Developing an Evaluation Plan for Grant Proposals

Date: 
Friday, November 2, 2018 - 1:00pm to 2:30pm
Location: 
Matthews Hall 209

Evaluation plans are integral components of grant proposals.  Tips for developing the plan and for determining the necessity for internal and external evaluation will be discussed.

Register at https://unt.az1.qualtrics.com/jfe/form/SV_0Os0z0PPalh6tZX

FIS Training Sessions for Tenure-track Faculty

Date: 
Friday, October 26, 2018 - 1:00pm to 2:30pm
Location: 
Matthews Hall 209

UNT research shows benefits of spore-based probiotic supplements

Over the counter probiotic products are found in most drug and grocery stores promising to restore and promote gut health, but Brian McFarlin, a professor in the University of North Texas Departments of Kinesiology, Health Promotion and Recreation and Biological Sciences, says consumers might want to do some research before paying for a product that may do little or nothing to improve their health.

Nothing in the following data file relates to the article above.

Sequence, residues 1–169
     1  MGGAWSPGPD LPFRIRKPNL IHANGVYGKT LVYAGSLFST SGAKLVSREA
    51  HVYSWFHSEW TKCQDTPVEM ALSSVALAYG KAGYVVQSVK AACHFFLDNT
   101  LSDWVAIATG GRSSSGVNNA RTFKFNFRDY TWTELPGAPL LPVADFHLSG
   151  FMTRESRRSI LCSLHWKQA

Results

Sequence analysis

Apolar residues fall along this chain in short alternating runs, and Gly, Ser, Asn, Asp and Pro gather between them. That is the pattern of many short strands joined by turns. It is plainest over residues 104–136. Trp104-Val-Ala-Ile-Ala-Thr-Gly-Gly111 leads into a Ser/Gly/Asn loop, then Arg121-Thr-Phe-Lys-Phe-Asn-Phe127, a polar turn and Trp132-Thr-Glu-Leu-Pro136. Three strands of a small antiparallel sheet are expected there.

“The current efforts to use over-the-counter probiotics, typically Lactobacilllus and Bifidobacterium, to improve gut health don’t give us consistent results,” McFarlin said. “Most traditional probiotics are destroyed by our stomach acid and don’t make it to the intestine to do any good. Plus, unless you have excessive endotoxins moving from your gut into your body or you have a compromised gut biome (the trillions of beneficial bacteria that populate a healthy gut), probiotics offer limited to no benefit.”